The Anvil Podcast: Paintball2

Rich: I’m speaking with Jitspoe about the project Paintball2. Paintball2 is a first-person game, with a bunch of different styles of game play.

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Rich: Tell us something about the game. Tell us the storyline of the game.

Jitspoe: Paintball2 is the sequel for the Quake Innovation paintball that was made for Quake 1. Paintball2 was made on Quake 2. It started out as a mod. Since ID software released the source code for Quake 2, we’ve taken that and made it its own standalone game. It is a full standalone game now. You can just download it – it’s completely free. The engine is Open Source under the GPL. It’s just a free game. You can play it online. Just a fun, multi-player game.

Rich: So, the game-play is kind of Quake-ish, except you have paint guns, right?

Jitspoe: Yeah. It has the Quake 2 movement style, so it’s very fast-paced. And the paintball element brings a one-shot kill degree to the game, so it’s even more fast-paced than Quake in a lot of ways. You’ve got a lot of fast-paced movement, you can run and jump around. Quake 2 has mechanics we call “strafe jumping” where you can actually build up your acceleration as long as you stay in the air, so people will keep jumping. And you can jump off of ramps and get extra height. So there’s a lot of fast movement. The single-shot kills lets people kill people with a single shot, but it’s pretty difficult because the movement speed is so fast that it kind of balances out in that regard.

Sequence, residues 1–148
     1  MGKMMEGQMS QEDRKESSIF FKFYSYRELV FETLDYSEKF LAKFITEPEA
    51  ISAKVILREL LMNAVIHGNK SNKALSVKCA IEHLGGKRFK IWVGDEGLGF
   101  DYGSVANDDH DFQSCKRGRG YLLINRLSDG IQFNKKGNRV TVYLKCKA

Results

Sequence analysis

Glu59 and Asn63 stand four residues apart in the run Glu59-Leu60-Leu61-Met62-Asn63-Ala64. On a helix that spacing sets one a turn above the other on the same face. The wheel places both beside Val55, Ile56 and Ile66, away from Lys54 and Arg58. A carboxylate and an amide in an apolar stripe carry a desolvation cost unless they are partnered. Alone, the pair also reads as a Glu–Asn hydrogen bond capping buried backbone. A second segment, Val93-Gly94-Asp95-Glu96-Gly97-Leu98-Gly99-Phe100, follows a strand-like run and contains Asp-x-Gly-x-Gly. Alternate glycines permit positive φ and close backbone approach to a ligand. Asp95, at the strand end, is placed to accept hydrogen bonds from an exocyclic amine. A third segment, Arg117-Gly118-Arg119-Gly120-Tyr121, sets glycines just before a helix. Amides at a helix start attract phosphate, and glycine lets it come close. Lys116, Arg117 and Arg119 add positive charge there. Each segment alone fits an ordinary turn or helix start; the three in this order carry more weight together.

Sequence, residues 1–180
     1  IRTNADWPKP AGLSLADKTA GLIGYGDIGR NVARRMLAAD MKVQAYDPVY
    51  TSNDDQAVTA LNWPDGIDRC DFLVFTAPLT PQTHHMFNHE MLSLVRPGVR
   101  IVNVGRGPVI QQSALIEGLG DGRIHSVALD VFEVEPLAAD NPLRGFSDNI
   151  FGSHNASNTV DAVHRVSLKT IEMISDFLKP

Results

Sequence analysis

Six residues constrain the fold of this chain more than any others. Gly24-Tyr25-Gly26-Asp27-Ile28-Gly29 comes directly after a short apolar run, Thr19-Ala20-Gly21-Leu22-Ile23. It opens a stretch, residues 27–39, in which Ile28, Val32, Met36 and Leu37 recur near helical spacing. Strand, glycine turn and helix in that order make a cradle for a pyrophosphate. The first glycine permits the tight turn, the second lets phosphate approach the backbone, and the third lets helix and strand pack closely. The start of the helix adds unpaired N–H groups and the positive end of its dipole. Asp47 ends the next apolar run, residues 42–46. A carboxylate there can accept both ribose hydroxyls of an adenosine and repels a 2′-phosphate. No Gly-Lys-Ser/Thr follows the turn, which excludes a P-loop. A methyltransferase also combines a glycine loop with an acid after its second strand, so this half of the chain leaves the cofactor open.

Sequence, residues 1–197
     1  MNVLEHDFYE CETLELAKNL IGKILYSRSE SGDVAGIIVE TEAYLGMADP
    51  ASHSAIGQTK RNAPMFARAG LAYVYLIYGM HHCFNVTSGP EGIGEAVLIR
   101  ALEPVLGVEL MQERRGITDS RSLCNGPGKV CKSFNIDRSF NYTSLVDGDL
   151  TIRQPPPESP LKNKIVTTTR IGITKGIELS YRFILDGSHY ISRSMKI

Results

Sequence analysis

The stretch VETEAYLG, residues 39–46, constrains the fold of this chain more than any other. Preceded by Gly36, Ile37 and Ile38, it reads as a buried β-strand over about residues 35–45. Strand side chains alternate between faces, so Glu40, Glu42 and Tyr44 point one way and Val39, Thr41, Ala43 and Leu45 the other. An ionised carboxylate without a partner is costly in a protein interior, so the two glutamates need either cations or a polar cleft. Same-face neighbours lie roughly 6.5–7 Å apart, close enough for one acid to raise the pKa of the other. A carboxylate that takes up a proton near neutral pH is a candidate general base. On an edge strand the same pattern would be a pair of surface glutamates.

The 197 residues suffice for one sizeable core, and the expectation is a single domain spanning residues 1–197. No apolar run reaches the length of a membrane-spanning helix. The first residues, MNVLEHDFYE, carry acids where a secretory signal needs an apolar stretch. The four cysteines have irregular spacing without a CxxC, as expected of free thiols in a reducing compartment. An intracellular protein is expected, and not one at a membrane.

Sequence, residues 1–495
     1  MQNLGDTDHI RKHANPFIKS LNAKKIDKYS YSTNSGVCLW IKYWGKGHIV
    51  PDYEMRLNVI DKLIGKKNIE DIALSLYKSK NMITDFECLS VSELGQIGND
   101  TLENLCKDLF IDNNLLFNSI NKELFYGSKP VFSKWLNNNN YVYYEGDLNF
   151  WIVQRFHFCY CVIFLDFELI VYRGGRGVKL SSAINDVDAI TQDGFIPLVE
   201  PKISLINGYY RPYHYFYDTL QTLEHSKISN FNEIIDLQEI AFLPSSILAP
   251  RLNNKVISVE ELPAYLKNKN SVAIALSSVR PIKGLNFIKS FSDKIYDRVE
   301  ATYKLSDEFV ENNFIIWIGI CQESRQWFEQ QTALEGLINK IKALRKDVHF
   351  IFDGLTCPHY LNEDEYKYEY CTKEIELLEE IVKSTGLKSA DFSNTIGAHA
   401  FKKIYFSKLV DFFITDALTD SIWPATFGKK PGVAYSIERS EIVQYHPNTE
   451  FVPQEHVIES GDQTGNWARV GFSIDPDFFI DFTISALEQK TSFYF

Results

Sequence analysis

Rich: This project’s been going for about 9 years now. How big is the community?

Jitspoe: It’s actually gone over ten years now if you count the time it was in development on Quake 2 as a mod. But I guess it’s probably 9 years on SourceForge since it’s been Open Source. The community is … unfortunately it’s getting a little bit smaller now. A lot of people have moved on. There were a lot of people that played when they were younger but now they’ve gotten families and moved on – they aren’t playing games as much. It’s a little bit slow right now. I’m hoping to build that up. It’s a little difficult to get fresh blood in an old game.

Rich: If somebody did want to get involved, where can they fit in?